Final permit to be approved for constrution of the Dakota Access Pipeline

Views 54 | Time to read: 2 minutes | Uploaded: 2 - 14 - 2017 | By: Mallory Neithart

The Standing Rock Sioux tribe and environmental activists were dealt a huge blow on Tuesday when the U.S. Army Corps of Engineers approved the final easement needed to begin construction on the Dakota Access Pipeline. The construction of the pipeline, which was supposed to be up and running last year, was halted under former president Barack Obama. He postponed the project in order to complete an environmental impact study in response to the outcry of protests.
But according to recent documents filed with the U.S. District Court for the District of Columbia, the Army indicated that they plan to suspend the study, which could delay the project by several years, in addition to suspending the 14-day waiting period required after notifying Congress of their approval to grant the easement. This means that the company behind the pipeline, Energy Transfer Partners could start construction within 24 hours, PBS and The Washington Post report.
According to The Guardian, the pipeline, which when completed will be 1,172 miles long and transverse four states, is meant to transport crude oil from the Bakken oil field in North Dakota to a refinery near Chicago. Opponents of the pipeline are concerned that its construction will damage the environment, particularly Lake Oahe, which the pipeline will pass directly underneath, as well as disturb ancient burial grounds, The Washington Post reports.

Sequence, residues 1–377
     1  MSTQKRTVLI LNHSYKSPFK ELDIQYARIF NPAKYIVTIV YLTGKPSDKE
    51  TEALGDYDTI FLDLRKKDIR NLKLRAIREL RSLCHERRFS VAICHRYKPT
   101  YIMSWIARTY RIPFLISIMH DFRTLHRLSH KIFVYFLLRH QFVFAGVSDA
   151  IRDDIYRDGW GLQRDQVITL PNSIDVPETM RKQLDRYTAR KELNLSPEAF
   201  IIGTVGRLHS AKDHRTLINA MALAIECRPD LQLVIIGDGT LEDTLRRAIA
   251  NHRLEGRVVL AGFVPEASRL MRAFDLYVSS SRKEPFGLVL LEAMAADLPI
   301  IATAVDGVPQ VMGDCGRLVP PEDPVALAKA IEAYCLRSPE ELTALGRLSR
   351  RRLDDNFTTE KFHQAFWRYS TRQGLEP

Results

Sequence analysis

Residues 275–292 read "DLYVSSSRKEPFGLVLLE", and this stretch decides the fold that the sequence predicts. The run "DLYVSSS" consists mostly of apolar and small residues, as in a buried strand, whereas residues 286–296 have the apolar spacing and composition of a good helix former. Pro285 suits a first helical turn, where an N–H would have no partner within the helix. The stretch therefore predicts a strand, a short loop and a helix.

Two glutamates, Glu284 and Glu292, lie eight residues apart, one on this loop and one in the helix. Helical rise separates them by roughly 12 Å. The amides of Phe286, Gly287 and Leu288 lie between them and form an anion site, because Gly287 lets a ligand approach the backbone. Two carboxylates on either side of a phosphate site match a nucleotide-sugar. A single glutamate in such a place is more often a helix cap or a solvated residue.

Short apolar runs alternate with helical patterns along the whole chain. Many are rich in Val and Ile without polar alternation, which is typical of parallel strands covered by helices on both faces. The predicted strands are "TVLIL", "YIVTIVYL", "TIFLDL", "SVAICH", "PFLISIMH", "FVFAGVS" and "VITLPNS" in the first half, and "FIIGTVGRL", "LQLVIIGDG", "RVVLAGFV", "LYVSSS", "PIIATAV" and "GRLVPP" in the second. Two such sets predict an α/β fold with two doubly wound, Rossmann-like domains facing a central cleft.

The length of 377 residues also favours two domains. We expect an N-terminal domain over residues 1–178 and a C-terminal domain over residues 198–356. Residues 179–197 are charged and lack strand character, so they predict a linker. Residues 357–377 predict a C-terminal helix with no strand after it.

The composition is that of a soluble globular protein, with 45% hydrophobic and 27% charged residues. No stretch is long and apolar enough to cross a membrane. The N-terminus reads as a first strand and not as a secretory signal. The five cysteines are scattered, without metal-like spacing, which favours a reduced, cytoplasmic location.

Standing Rock Chairman Dave Archambault II in a statement on Tuesday said, “We are a sovereign nation and we will fight to protect our water and sacred places from the brazen private interests trying to push this pipeline through to benefit a few wealthy Americans with financial ties to the Trump administration.” The tribe says it plans to challenge the easement decision and will attempt to shut down the project should construction begin.
Additionally, Archambault has asked protesters and environmental activists, who spent months living in camps near the Standing Rock reservation and pipeline construction project, to join in a planned march on Washington on March 10 instead of returning to the drilling site, The Guardian and The Washington Post report.
Although the Army’s decision is backed by the Trump administration and many congressional Republicans, the Standing Rock Tribe has vowed to take legal action.
Lawyers such as Keith Benes, a former State Department lawyer, and Jan Hasselman, a lawyer with the environmental group Earthjustice, believe opponents of the project could pose a serious obstacle since the only reason the Army has for nixing the environmental impact study were due to President Trump’s orders, PBS and The Washington Post reports.


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